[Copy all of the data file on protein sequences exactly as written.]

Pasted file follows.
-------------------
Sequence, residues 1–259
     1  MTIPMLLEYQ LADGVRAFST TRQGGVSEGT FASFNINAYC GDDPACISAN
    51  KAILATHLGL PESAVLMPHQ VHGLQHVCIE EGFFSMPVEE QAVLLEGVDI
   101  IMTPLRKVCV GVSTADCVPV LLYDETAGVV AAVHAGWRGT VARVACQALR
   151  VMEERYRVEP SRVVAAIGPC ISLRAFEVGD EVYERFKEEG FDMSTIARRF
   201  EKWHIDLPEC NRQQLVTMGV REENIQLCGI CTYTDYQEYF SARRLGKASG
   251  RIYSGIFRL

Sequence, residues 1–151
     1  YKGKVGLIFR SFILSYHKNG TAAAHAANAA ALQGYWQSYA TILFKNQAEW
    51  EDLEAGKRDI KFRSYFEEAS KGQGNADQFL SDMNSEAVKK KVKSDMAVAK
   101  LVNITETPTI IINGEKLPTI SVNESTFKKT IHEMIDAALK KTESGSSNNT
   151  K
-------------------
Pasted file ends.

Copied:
Sequence, residues 1–259
     1  MTIPMLLEYQ LADGVRAFST TRQGGVSEGT FASFNINAYC GDDPACISAN
    51  KAILATHLGL PESAVLMPHQ VHGLQHVCIE EGFFSMPVEE QAVLLEGVDI
   101  IMTPLRKVCV GVSTADCVPV LLYDETAGVV AAVHAGWRGT VARVACQALR
   151  VMEERYRVEP SRVVAAIGPC ISLRAFEVGD EVYERFKEEG FDMSTIARRF
   201  EKWHIDLPEC NRQQLVTMGV REENIQLCGI CTYTDYQEYF SARRLGKASG
   251  RIYSGIFRL

Sequence, residues 1–151
     1  YKGKVGLIFR SFILSYHKNG TAAAHAANAA ALQGYWQSYA TILFKNQAEW
    51  EDLEAGKRDI KFRSYFEEAS KGQGNADQFL SDMNSEAVKK KVKSDMAVAK
   101  LVNITETPTI IINGEKLPTI SVNESTFKKT IHEMIDAALK KTESGSSNNT
   151  K